Well-Known Surgeon Joins Effort to Save Pit Bull Hurt by Fireworks

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    NEWSLETTERS

    A 2-year-old pit bull who may have been intentionally injured by fireworks underwent the latest in a series of surgeries Friday. A well-known burn specialist who typically works with humans has been called in to treat the pup, dubbed Independence. Kathy Vara reports for the NBC4 News at 5 p.m. on July 12, 2013. (Published Friday, Jul 12, 2013)

    A well-known surgeon who typically operates on humans has been called in to help a 2-year-old pit bull who was found badly burned in Van Nuys after he was apparently strapped with fireworks and lit ablaze.

    Dubbed Independence (Indy for short) because he was found over the Fourth of July weekend, the young pup underwent the latest in a series of surgeries Friday at Westlake Village Animal Hospital.

    He was rescued from a public shelter Tuesday by S.T.A.R.T Rescue. Rene Ruston, co-founder of S.T.A.R.T. Rescue, paid an emotional visit to Indy Friday.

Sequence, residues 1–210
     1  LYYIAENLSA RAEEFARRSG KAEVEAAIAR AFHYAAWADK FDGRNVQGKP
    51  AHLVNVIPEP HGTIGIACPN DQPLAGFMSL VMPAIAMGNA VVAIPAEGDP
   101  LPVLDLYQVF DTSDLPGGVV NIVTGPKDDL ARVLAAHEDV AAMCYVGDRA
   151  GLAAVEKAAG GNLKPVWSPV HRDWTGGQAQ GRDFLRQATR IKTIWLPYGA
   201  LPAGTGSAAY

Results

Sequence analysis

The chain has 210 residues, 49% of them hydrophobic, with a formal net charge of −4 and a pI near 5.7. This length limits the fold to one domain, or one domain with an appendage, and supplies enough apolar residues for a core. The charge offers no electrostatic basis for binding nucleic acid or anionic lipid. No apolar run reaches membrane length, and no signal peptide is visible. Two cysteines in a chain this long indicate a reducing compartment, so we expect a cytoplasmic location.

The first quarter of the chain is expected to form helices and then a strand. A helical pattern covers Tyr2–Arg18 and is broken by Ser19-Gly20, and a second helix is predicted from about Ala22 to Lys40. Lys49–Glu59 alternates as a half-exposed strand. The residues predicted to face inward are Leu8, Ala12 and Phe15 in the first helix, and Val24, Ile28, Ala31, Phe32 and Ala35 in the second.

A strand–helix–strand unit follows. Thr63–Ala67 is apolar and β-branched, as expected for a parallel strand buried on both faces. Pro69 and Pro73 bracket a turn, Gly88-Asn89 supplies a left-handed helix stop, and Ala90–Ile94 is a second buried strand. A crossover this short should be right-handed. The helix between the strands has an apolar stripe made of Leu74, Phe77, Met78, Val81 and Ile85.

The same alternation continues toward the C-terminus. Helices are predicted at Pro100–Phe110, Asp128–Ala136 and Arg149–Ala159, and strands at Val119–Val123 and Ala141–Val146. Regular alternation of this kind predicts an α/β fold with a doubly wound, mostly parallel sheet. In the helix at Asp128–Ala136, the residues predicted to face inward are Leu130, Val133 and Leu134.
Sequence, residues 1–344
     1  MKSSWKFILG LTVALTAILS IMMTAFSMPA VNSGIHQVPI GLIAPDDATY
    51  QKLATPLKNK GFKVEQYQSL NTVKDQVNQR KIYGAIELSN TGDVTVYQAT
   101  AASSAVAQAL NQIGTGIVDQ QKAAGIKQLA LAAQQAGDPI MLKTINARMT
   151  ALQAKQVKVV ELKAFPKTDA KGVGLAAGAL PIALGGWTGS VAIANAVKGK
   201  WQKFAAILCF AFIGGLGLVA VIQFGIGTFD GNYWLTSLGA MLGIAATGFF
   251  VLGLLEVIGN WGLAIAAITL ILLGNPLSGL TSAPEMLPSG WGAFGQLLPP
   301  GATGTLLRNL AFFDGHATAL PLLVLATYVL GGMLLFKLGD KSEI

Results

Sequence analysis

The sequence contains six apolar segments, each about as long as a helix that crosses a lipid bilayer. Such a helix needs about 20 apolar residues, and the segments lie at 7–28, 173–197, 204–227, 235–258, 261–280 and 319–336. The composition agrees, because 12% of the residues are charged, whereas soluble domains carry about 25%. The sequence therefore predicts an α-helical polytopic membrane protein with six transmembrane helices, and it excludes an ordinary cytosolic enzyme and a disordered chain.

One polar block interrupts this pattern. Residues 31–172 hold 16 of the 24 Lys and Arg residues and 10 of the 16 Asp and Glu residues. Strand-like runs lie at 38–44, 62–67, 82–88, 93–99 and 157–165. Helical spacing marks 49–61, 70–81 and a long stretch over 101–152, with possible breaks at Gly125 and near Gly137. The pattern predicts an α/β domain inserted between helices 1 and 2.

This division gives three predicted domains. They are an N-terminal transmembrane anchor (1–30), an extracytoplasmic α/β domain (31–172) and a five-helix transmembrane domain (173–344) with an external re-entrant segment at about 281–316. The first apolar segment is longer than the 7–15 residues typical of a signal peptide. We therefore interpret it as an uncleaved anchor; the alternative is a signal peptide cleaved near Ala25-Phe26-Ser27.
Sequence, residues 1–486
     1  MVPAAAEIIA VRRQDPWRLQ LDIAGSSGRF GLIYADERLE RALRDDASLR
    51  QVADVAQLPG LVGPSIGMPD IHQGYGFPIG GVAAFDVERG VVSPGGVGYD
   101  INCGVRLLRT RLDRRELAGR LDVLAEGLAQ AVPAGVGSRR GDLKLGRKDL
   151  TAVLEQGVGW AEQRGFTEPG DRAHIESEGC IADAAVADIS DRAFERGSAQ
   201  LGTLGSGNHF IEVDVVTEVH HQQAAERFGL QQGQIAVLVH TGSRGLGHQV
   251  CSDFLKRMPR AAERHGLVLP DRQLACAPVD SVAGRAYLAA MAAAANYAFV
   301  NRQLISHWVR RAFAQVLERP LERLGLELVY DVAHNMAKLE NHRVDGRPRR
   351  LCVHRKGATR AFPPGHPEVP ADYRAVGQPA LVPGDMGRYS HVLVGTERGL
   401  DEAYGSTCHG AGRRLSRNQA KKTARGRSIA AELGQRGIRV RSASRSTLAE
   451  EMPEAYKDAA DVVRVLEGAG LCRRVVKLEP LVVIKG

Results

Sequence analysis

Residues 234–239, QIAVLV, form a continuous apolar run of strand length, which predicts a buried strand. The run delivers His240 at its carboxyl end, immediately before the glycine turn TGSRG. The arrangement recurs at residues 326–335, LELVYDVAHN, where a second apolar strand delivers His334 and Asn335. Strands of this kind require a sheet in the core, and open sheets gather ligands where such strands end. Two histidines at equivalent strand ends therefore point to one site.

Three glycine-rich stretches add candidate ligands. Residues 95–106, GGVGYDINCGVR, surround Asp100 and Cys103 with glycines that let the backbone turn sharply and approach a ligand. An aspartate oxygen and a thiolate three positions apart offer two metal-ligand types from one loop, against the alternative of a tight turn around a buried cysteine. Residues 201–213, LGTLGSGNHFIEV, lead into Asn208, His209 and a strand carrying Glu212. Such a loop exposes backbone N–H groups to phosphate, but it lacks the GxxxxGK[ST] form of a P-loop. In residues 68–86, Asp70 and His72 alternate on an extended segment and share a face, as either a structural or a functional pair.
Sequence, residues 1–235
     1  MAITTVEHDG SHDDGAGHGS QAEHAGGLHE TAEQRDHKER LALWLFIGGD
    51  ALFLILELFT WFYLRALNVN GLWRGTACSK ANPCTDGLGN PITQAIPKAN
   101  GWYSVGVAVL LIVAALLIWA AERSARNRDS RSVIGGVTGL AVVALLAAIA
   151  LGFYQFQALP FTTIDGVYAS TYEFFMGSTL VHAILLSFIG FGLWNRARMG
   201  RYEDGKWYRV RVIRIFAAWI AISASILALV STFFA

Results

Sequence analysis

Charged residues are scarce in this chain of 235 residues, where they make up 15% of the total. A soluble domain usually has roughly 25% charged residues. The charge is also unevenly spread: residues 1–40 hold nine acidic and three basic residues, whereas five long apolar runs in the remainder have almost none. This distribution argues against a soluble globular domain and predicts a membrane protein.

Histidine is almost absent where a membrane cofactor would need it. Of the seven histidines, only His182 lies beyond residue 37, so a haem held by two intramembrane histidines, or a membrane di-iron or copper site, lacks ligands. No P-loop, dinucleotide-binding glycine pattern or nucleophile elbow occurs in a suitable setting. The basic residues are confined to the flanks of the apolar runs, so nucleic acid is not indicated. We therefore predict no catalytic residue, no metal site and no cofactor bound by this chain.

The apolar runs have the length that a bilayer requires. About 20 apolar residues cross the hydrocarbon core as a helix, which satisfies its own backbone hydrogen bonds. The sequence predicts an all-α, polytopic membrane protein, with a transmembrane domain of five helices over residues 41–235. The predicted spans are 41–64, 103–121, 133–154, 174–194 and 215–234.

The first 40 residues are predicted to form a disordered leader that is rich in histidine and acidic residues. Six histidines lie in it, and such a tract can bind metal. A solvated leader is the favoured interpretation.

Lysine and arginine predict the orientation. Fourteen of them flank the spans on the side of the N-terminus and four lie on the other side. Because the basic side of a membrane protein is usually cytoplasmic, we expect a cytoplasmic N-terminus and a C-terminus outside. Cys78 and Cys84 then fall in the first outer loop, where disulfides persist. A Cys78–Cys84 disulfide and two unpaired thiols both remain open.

Based on the pattern and location of Indy’s burns, veterinarians believe the young dog was strapped with fireworks and lit ablaze.

    "It was a deliberate and horrific act. It was done out of malice," Ruston said, with tears in her eyes. "It's hard to see a dog like that in so much agonizing paid and he doesn't deserve it."

    Dr. Daniel Slaton, with Westlake Village Animal Hospital, said he has never seen a dog with such severe burns. Slaton called on well-known burn specialist and animal advocate Dr. Richard Grossman, founder of the Grossman Burn Center, to help with Indy's surgery.

    "One area was a little deeper than what we anticipated, and so we are going to allow it to heal for another three to five days, and then decide if we need to do a skin graft," Slaton told NBC4 Friday.

    Indy is facing at least six weeks in the hospital and a long recovery process but he will eventually be ready for a "forever home."

    "He's got a good prognosis for the long term," Slaton said. "It's just the walking and things like that – he's going to have some disabilities."

    Since Indy’s heart-wrenching story has been publicized, there has been an outpouring of support from people who want to help the pup heal.

    "He's such a sweet boy," Ruston said. "Everyone here has fallen in love with him. We are getting calls from all over asking to adopt him."

    Anyone interested in donating to Indy’s recovery fund is asked to contact donations@startrescue.org, or mail a check to:

    S.T.A.R.T.
    PO Box 4792
    Valley Village, CA 91617

    The organization notes that donations should be sent as "Personal and Gift so no charges are taken out, and kindly write INDY in the memo."

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